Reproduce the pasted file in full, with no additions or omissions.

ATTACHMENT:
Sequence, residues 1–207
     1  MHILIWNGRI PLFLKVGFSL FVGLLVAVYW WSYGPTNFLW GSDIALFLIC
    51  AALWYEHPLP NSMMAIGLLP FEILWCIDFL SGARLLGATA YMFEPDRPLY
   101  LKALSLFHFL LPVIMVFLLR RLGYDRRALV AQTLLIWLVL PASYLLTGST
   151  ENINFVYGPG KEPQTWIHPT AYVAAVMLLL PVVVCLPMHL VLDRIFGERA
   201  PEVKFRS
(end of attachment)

Sequence, residues 1–207
     1  MHILIWNGRI PLFLKVGFSL FVGLLVAVYW WSYGPTNFLW GSDIALFLIC
    51  AALWYEHPLP NSMMAIGLLP FEILWCIDFL SGARLLGATA YMFEPDRPLY
   101  LKALSLFHFL LPVIMVFLLR RLGYDRRALV AQTLLIWLVL PASYLLTGST
   151  ENINFVYGPG KEPQTWIHPT AYVAAVMLLL PVVVCLPMHL VLDRIFGERA
   201  PEVKFRS